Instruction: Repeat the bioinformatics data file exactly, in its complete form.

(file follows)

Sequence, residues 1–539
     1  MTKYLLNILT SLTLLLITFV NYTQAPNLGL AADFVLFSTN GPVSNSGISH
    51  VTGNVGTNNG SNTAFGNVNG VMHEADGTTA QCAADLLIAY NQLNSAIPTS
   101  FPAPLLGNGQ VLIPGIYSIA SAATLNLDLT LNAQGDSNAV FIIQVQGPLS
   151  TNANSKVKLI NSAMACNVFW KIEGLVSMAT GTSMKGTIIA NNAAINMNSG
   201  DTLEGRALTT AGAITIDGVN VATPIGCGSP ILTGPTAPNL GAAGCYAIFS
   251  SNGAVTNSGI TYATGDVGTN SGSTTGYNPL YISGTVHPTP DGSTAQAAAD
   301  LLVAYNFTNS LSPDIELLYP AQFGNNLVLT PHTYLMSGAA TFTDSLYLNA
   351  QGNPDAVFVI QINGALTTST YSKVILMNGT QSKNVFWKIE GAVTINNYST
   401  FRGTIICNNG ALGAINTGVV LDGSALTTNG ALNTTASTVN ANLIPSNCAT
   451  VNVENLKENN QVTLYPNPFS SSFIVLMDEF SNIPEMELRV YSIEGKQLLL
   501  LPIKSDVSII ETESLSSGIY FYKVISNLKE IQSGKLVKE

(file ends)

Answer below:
Sequence, residues 1–539
     1  MTKYLLNILT SLTLLLITFV NYTQAPNLGL AADFVLFSTN GPVSNSGISH
    51  VTGNVGTNNG SNTAFGNVNG VMHEADGTTA QCAADLLIAY NQLNSAIPTS
   101  FPAPLLGNGQ VLIPGIYSIA SAATLNLDLT LNAQGDSNAV FIIQVQGPLS
   151  TNANSKVKLI NSAMACNVFW KIEGLVSMAT GTSMKGTIIA NNAAINMNSG
   201  DTLEGRALTT AGAITIDGVN VATPIGCGSP ILTGPTAPNL GAAGCYAIFS
   251  SNGAVTNSGI TYATGDVGTN SGSTTGYNPL YISGTVHPTP DGSTAQAAAD
   301  LLVAYNFTNS LSPDIELLYP AQFGNNLVLT PHTYLMSGAA TFTDSLYLNA
   351  QGNPDAVFVI QINGALTTST YSKVILMNGT QSKNVFWKIE GAVTINNYST
   401  FRGTIICNNG ALGAINTGVV LDGSALTTNG ALNTTASTVN ANLIPSNCAT
   451  VNVENLKENN QVTLYPNPFS SSFIVLMDEF SNIPEMELRV YSIEGKQLLL
   501  LPIKSDVSII ETESLSSGIY FYKVISNLKE IQSGKLVKE